• Susan McQueen R.N.
      • Wambeek L.E.
      • Daskalakis Z.J.
      Accelerated repetitive transcranial magnetic stimulation in the treatment of depression.
      ] suggested greater rates of response and remission with standard over accelerated rTMS. It is notable, however, that the overall response and remission rates in this study were relatively modest. It is quite possible that this was related to the overall dose of treatment provided. Our standard rTMS treatment group only received 20 sessions over four weeks which is a modest dose compared to the 30 sessions/6 weeks of treatment that is commonly used in clinical practice [
      • Perera T.
      • George M.S.
      • Grammer G.
      • Janicak P.G.
      • Pascual-Leone A.
      • Wirecki T.S.
      The clinical TMS society consensus review and treatment recommendations for TMS therapy for major depressive disorder.
      ]. We do not yet have a comprehensive understanding of what is the optimally effective dose of TBS in standard, or intensive format, but it would be reasonable to assume that is likely to be greater than the relatively modest doses provided here. Given the ease of provision of TBS sessions, it would not be difficult to increase TBS duration and hence, dose, beyond what our protocol provided while still enabling overall briefer treatment sessions for patients, over what a standard rTMS course allows.
      The safety and tolerability of the intensive TBS condition in this study is worthy of note. rTMS is generally safe and its associated adverse effects well-tolerated. Serious adverse effects, such as seizure induction, are rare [
      • Zis P.
      • Shafique F.
      • Hadjivassiliou M.
      • Blackburn D.
      • Venneri A.
      • Iliodromiti S.
      • et al.
      Safety, tolerability, and nocebo phenomena during transcranial magnetic stimulation: a systematic review and meta-analysis of placebo-controlled clinical trials.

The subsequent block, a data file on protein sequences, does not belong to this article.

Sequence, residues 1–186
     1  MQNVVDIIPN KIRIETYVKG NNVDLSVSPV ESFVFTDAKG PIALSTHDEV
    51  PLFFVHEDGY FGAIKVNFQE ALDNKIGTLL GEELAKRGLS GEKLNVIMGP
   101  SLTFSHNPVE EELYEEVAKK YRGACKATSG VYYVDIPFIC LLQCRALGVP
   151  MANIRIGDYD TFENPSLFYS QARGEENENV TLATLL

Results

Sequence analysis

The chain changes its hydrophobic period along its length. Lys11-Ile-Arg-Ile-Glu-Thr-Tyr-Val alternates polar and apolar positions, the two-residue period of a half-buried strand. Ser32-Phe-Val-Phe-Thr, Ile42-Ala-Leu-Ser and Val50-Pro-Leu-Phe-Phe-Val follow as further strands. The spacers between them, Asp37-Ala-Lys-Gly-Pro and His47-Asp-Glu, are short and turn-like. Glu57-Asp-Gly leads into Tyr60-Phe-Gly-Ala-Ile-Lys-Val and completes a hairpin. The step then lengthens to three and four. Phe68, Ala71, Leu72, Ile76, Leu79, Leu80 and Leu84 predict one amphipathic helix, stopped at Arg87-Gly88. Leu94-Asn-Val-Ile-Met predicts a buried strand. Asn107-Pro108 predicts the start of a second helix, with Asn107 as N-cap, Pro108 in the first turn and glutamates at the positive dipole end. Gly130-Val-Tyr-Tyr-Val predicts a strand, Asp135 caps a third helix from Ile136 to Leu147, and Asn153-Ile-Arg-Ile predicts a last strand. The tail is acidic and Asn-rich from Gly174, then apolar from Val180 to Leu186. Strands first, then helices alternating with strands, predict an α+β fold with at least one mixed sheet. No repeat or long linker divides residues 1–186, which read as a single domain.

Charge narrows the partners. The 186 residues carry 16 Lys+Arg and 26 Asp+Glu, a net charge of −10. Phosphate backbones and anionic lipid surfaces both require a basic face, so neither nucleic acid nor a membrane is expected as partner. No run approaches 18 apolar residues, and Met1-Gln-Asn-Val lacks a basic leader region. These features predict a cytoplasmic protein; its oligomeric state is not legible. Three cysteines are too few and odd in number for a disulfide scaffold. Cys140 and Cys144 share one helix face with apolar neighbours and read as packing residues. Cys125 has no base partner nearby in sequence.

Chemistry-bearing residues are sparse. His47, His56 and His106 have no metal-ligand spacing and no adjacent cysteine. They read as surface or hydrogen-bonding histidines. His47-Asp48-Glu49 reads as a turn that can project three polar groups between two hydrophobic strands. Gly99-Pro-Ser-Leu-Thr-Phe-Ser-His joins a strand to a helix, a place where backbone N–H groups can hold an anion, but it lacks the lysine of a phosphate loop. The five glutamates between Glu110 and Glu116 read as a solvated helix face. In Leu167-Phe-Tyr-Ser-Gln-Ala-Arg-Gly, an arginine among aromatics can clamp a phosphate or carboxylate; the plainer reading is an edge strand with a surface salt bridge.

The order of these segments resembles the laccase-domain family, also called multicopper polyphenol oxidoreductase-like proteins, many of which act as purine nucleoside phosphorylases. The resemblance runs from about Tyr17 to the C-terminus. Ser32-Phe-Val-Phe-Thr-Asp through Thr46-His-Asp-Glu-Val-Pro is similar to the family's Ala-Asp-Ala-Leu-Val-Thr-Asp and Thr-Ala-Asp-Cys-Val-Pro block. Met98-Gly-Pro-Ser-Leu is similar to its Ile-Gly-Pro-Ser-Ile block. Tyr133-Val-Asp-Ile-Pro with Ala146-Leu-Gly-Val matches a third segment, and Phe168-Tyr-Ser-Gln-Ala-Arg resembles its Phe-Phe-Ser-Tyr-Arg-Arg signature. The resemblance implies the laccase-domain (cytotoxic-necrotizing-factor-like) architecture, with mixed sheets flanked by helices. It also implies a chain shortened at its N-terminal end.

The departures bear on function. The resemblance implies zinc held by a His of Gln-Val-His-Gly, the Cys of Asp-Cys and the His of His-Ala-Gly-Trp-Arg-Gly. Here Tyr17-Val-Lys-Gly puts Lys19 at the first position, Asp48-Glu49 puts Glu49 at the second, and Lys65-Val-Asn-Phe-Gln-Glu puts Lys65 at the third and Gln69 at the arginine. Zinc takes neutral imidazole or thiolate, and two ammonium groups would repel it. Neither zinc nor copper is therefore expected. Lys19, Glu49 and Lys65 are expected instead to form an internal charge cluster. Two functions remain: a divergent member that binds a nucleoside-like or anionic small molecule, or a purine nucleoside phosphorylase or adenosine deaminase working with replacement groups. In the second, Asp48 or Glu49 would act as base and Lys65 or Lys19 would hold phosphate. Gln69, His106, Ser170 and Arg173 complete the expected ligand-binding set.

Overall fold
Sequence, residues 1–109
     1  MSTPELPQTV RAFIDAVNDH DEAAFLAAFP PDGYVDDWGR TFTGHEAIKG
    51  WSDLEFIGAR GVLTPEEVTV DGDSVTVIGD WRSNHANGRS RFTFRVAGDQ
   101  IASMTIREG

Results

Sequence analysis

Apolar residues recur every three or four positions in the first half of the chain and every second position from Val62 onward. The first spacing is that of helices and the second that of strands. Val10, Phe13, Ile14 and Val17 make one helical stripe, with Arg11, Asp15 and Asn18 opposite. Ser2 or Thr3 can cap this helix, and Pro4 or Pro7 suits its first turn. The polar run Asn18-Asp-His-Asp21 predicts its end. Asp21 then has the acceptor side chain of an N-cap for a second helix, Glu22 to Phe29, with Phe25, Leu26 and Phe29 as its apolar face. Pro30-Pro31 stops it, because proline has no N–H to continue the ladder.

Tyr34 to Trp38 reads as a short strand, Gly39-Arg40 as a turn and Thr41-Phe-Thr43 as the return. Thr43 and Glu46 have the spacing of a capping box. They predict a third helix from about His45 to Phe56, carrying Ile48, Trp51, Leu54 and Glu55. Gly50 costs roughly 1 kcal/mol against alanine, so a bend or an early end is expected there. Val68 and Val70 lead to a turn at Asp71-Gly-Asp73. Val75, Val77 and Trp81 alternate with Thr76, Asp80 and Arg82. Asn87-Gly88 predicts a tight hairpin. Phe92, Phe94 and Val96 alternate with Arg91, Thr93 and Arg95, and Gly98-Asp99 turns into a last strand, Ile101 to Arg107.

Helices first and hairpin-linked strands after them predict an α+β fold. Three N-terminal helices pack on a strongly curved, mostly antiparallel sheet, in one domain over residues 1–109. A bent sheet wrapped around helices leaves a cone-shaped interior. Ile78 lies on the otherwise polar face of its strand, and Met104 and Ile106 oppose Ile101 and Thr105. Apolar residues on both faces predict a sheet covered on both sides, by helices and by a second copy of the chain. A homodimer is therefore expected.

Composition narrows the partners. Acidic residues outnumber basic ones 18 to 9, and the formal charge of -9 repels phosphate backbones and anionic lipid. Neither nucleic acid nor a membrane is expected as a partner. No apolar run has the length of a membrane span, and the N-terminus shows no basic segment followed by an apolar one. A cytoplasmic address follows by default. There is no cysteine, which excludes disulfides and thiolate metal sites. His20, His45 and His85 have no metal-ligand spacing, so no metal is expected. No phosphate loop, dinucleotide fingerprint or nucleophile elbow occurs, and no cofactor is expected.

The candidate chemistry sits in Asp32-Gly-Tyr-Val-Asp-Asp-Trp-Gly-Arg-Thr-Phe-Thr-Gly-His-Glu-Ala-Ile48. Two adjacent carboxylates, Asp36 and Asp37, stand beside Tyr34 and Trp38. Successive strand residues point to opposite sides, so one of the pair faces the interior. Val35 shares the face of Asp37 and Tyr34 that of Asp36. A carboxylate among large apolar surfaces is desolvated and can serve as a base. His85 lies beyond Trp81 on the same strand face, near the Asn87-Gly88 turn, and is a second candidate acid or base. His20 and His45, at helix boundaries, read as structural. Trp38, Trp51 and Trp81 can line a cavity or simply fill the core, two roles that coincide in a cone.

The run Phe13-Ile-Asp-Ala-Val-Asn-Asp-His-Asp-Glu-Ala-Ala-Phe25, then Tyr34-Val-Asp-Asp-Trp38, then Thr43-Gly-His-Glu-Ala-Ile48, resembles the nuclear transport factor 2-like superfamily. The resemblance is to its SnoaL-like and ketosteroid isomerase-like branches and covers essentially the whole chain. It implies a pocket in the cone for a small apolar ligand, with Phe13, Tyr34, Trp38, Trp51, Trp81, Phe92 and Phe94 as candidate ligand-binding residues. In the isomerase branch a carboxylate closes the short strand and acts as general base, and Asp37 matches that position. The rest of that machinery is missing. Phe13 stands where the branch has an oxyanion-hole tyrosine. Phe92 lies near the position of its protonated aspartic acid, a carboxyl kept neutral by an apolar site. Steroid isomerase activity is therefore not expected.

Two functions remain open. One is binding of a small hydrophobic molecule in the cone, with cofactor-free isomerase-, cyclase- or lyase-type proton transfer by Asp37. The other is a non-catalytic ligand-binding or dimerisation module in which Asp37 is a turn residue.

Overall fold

,
      • Sverak T.
      • Ustohal L.
      Efficacy and safety of intensive transcranial magnetic stimulation.
      ]. Seizure induction is associated with high-frequency sitmulation [
      • Wassermann E.M.
      Risk and safety of repetitive transcranial magnetic stimulation: report and suggested guidelines from the international workshop on the safety of repetitive transcranial magnetic stimulation, june 5-7, 1996.
      ] and in this context it would be reasonable to assume that TBS protocols may be associated with greater rates of seizure (or other unidentified issues). Fortunately, this does not appear to have been the case when TBS has been used in standard once daily treatment schedules. So far the intensive use of TBS also appears to be well tolerated and without common serious adverse events [
      • Oberman L.
      • Edwards D.
      • Eldaief M.
      • Pascual-Leone A.
      Safety of theta burst transcranial magnetic stimulation: a systematic review of the literature.
      ,
      • Rachid F.
      Safety and efficacy of theta-burst stimulation in the treatment of psychiatric disorders: a review of the literature.
      ]. It is worth noting that across both our accelerated rTMS study [
      • Fitzgerald P.B.
      • Hoy K.E.
      • Elliot D.
      • Susan McQueen R.N.
      • Wambeek L.E.
      • Daskalakis Z.J.
      Accelerated repetitive transcranial magnetic stimulation in the treatment of depression.
      ] and this study, anecdotally accelerated/intensive protocols were favored by patients. Any additional burden of treatment on the day of therapy was considered minor relative to the savings in time and clinic attendance requirements that accelerated/intensive treatment protocols allowed.
      The most uncertain element in the intensive TBS parameters we developed was the choice of the duration patients would wait between stimulation trains in each treatment session, in this case 15 min. Although it would be convenient to assume that the dose of a TBS session could be increased by simply lengthening the duration of the application of stimulation (for example, doubling the number of pulses in a treatment session by increasing iTBS duration from 190s to 380s), preclinical studies exploring the effects of TBS on motor cortical excitability have demonstrated that longer durations of stimulation may have less or even opposite effects on cortical excitability [
      • Murakami T.
      • Muller-Dahlhaus F.
      • Lu M.K.
      • Ziemann U.
      Homeostatic metaplasticity of corticospinal excitatory and intracortical inhibitory neural circuits in human motor cortex.
      ,
      • Gamboa O.L.A.A.
      • Moliadze V.
      • Paulus W.
      Simply longer is not better: reversal of theta burst after-effect with prolonged stimulation.
      ]. A limited number of studies, again focusing on the effects of TBS on motor cortical excitability, have demonstrated that greater effects are produced when two TBS sessions are applied some time apart, rather than continuously, although there are fairly inconsistent results in this literature (see Table 1 in Ref. [